The infrastructure improvements included replacing outdated water, sewer, gas and electric lines, some of which had predated World War II. 

City Engineering’s oversight of the abatement and demolition project (completed with contractors Elizabeth Eason Architecture, QE2, Chad Steward Associates, Shield Engineering, and NEO Corp.) entailed removal of 20 buildings on the property and earned three state engineering awards. 

Even the demolition was green: 83 percent of the materials removed were either recycled or reused.
Haslam noted that the City’s investment in demolition, utilities and infrastructure paved the way for construction of the Phase 1 park improvements. “The City’s investment let us focus on our capital campaign for park improvements, all of which will be funded through private contributions. This twenty-year public-private partnership has created a great central park with something for everyone.” 
In 2013, the City and the Lakeshore Park Board began to seek public input for a $50 million Lakeshore Park Master Plan to make significant improvements to the park’s 185 acres.

Some of the most anticipated amenities revealed in the master plan include a river walk, canoe/kayak launch, gardens, picnic areas, event and recreation fields and renovation of the park’s chapel as an open pavilion to eventually be used for special events.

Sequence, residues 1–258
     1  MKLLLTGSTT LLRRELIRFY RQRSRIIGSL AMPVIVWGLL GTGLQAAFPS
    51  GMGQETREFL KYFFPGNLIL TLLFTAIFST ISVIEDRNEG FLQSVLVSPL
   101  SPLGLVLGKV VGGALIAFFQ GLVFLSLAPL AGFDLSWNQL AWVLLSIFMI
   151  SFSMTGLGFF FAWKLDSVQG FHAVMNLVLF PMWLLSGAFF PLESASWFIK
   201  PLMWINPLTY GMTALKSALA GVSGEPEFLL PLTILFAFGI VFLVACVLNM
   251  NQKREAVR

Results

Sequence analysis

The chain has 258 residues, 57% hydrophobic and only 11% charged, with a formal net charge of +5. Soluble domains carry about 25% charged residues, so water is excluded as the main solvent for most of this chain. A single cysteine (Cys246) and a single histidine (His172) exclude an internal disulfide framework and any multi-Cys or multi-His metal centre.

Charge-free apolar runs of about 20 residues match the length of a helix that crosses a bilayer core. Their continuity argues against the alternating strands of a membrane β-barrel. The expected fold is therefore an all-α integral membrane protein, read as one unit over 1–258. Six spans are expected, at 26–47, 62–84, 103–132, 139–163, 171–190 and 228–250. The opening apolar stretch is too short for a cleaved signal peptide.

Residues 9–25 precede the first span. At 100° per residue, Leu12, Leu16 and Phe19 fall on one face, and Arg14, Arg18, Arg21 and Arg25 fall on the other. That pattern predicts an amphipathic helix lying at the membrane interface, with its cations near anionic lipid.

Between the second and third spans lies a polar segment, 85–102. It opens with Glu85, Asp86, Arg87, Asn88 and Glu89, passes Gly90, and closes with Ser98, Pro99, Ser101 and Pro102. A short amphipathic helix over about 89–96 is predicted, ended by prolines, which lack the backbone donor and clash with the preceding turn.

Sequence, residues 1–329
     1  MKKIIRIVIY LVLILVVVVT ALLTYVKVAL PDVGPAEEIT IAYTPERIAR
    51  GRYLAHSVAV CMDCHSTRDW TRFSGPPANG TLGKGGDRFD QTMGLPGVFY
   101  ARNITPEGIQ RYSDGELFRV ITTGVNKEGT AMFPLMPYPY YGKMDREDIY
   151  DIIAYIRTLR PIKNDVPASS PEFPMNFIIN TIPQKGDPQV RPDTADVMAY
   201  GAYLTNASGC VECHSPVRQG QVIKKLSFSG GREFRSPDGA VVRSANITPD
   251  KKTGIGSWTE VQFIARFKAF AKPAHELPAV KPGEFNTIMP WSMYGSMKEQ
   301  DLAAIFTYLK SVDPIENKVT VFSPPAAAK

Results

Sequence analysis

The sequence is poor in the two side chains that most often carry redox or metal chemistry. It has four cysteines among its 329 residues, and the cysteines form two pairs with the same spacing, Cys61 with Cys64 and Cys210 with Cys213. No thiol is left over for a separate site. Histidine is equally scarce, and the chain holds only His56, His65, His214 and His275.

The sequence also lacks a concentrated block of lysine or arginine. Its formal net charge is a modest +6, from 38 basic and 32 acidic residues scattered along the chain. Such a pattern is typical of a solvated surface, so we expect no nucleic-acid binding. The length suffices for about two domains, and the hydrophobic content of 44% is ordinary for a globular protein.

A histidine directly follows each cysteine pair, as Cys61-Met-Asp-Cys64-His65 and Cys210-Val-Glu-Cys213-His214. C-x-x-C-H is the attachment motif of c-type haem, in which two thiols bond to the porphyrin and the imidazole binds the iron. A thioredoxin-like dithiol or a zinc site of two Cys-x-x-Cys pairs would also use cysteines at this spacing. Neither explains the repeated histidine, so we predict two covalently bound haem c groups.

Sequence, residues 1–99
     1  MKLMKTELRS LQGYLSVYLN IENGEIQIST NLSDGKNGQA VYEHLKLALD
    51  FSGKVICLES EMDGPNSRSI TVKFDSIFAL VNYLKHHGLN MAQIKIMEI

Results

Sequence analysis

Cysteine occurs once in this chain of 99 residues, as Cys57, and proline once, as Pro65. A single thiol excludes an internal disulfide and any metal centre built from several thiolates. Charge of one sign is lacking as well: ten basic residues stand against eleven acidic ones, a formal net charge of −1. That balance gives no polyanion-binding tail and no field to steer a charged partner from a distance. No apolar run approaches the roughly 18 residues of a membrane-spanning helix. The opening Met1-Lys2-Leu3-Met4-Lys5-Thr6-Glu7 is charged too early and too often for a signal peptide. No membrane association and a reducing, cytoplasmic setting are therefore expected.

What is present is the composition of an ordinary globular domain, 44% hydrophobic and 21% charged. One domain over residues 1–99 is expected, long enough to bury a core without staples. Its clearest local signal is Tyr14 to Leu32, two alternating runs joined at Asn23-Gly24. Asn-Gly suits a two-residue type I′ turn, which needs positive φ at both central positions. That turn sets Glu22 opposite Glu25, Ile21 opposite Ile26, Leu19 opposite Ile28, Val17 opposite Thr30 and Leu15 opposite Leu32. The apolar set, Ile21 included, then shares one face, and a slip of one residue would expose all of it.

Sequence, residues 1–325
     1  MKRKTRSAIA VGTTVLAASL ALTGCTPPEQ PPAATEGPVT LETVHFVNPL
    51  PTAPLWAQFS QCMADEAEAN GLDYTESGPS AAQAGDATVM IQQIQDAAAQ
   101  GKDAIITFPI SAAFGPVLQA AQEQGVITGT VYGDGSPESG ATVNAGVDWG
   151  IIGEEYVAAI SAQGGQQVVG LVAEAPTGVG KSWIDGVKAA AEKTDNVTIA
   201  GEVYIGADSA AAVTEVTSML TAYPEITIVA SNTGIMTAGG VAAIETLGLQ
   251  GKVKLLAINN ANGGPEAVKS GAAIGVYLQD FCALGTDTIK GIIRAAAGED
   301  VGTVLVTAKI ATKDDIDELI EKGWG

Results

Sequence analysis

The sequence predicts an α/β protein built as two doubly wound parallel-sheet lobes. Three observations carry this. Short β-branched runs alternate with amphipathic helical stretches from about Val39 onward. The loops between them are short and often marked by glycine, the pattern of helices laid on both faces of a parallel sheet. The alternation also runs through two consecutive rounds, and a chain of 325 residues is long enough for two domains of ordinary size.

Since then, the implementation of ongoing upgrades has been underway. In June 2014, the Farmers Association for Retail Marketing (FARM) opened a farmers’ market held Fridays in one of the park’s eastern-most parking lots. Additionally, the 1.2-acre, fully accessible Hank Rappé Playground was opened in September 2015, thanks to fundraising by the Lakeshore Park Board.

In November 2015, the Haslam family and Pilot Flying J committed $15 million toward the $25 million Phase 1 improvement plan.

Today, in addition to the City’s opening of the administration building, the Lakeshore Park Board announced that construction of two miles of additional trails and other park improvements will be underway in October 2016.

Lakeshore Park has had a long-standing sports league presence through the Knox Youth Sports baseball, softball, flag football and lacrosse programs held on the park’s existing six ballfields and the soccer league games organized by AYSO and the Knoxville Football Club on the park’s three soccer fields.

“We couldn’t be more excited to move into the beautiful and historic Lakeshore Park administration building in a time when the park will be seeing significant upgrades,” said Joe Walsh, City Parks and Recreation Director. “We’re very grateful to our friends at the Lakeshore Park Board for making the $25 million in park upgrades possible.”

“Lakeshore is easily accessible from all directions and just a few minutes off the Interstate, which is why we use the tagline on the park’s web site: ‘Lakeshore Park: A Park for Everyone.’”

The Lakeshore Park Board is pursuing private donations to fund the Lakeshore Park improvement plan. For donations and to learn more about the park’s development, visit